The Founders of Occupational Therapy

Work therapy
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On March 15-17, 1917, at a boarding house in Clifton Springs, New York, six people met to found the National Society for the Promotion of Occupational Therapy. The use of occupations had been growing throughout the beginning of the century, but this meeting is considered to be the founding of a new profession.

Today, occupational therapy spans the globe. In the U.S. alone, it employs an estimated 140,000 persons and is one of America’s fastest-growing jobs.

The founders included a psychiatrist, secretary, teacher, social worker, and two architects. Each believed that the care provided in hospitals was inadequate. They believed that the use of activities to occupy the time of patients had the potential to improve the healing process.

Note that the founding year coincides with the U.S. entering World War I, which would present new needs and opportunities for this budding profession. Also, note that three of the six founders were women­—a remarkable ratio considering it would be three more years before the U.S. would recognize a woman’s right to vote.

George Edward Barton: The Architect and Tuberculosis Patient

George Barton, along with William Rush Dunton Jr., was a founder of the founders. He and Dunton extended invitations to the other four members. Barton was an architect, who during his adult life suffered from tuberculosis as well as a left-sided paralysis. Subsequently, he spent time in a sanatorium and was deplored by the conditions.

While at the sanatorium, he developed an interest in the use of occupation to improve the quality of care and discharge preparedness. He vowed to spend the rest of his life “devoted to the subject of the reclamation of the sick and crippled.” He founded the Consolation House, an early prototype of a rehabilitation center, where he practiced occupational therapy.

Dr. William Rush Dunton, Jr.'s: The Psychiatrist

Dunton was a physician who served as the first President of the National Society for the Promotion of Occupational Therapy. He served on the faculty at John Hopkins School of Medicine as well as the assistant physician at Sheppard Asylum.

Dunton used occupations with his own clients and saw potential in the practice. Over the course of his career, he wrote prolifically about the profession, penning more than 120 books and articles related to occupational therapy. Major works included The Principles of Occupational Therapy (1918), ​Reconstruction Therapy (1919), and Prescribing Occupational Therapy (1928).​​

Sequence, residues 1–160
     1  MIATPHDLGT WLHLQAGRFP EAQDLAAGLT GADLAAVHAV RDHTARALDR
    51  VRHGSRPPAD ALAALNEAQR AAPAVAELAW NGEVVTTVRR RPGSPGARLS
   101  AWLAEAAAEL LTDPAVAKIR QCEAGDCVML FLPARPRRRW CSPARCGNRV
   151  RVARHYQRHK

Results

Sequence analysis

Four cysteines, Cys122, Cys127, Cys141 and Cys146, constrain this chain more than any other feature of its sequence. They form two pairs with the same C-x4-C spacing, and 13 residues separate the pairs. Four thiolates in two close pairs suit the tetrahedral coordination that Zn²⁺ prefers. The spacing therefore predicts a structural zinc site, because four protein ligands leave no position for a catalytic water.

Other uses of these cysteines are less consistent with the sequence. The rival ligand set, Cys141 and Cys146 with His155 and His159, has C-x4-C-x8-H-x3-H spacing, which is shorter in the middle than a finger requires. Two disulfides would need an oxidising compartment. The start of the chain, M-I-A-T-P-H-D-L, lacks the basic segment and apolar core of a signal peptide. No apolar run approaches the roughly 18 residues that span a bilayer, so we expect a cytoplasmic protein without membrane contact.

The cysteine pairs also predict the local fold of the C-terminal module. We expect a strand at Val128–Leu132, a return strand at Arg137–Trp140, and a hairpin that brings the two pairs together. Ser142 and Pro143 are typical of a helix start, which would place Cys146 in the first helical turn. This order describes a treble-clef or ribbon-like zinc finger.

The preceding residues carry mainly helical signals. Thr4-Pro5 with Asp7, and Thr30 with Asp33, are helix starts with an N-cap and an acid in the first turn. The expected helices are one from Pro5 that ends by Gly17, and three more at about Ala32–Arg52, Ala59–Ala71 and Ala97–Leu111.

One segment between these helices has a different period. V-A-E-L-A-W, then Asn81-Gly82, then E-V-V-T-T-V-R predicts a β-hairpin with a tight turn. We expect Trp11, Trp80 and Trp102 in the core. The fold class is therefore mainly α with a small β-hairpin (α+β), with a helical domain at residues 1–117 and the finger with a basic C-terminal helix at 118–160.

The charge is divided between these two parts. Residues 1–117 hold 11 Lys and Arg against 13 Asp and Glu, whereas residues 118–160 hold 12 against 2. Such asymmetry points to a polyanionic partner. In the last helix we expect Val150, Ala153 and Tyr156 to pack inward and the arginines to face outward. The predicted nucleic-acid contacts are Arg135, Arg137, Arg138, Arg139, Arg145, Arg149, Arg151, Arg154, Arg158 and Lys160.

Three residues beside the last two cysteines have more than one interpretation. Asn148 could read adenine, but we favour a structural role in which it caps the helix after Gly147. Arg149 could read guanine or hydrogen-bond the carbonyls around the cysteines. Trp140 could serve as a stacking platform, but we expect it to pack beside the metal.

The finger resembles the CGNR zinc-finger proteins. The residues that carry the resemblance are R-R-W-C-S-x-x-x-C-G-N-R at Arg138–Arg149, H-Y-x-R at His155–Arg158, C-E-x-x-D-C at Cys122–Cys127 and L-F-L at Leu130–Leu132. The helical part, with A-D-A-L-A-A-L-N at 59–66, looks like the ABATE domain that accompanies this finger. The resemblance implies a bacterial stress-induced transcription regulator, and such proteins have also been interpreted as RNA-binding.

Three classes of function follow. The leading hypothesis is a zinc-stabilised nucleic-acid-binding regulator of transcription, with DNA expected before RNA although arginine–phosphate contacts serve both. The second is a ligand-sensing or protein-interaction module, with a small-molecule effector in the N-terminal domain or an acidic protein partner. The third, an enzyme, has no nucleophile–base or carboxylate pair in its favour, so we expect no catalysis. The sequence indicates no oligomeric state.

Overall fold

Susan Cox Johnson: The Teacher 

Susan Johnson trained as a teacher and began her career by teaching high school arts and crafts in Berkley, California. She then traveled to the Philippines for a brief stint of teaching crafts. She returned to the U.S. in 1912 and secured a job as the Director of the Occupations Committee for the Department of Public Charities of New York State.

Susan went on to teach occupational therapy in the nursing department at Columbia and organize and direct an occupational therapy department at Montefiore Home and Hospital. She also wrote multiple articles about occupational therapy for Modern Hospital.

Thomas Bessell Kidner: The Other Architect

Thomas Kidner served as President of the National Society for the Promotion of Occupational Therapy from 1923-1928. He resided in Canada and was The Vocational Secretary of Canadian Military Hospitals. Kidner is credited with advancing structure and function of the society, by creating a national registry and instituting standards for the education of occupational therapists.

Isabel Barton said this of Kidner, “He was a fascinating personality, so very British, even to the tailoring of his morning coat, striped trousers, winged collar, and tie. He was full of wit and he and Mr. Barton vied with each other as raconteurs.”

Isabel G. Newton: The Secretary

In 1916, Isabel was working as the bookkeeper in a preserving and canning plant, when she received a phone call from George Barton to gauge her interest in becoming secretary of the Consolation House. They went on to marry. Isabel worked alongside him teaching occupations to the residents of the Consolation House, until Barton’s death in 1923. In 1968, she wrote an article for The American Journal of Occupational Therapy—"Consolation House, 50 years ago"—which documents her memories of each of the founders.

Eleanor Clarke Slagle: The Social Worker

Eleanor Clarke Slagle was taking courses in social welfare (including lectures from Jane Adams) when in 1911, she completed the course Curative Occupations and Recreation at the Chicago School of Civics and Philanthropy. Within a few years, she became director of the occupational therapy department at John Hopkins, in Boston, under Adolf Meyer, another early influencer of the occupational therapy movement.

She returned to Chicago in 1915 and established the Henry B. Favill School of Occupations and directed the school from 1915 to 1920. From there, she moved to New York to serve as the director of occupational therapy for the New York State Department of Mental Hygiene.

Eleanor was elected vice president of The Society for the Promotion of Occupational Therapy in 1917 and then went on to serve in each available office between 1917 and 1937.

Slagle is considered the mother of occupational therapy. The American Occupational Therapy Association annually hosts the Eleanor Clarke Slagle Lecture in her honor. Her achievements did not go unnoticed during her own career: Eleanor Roosevelt spoke at her retirement banquet.

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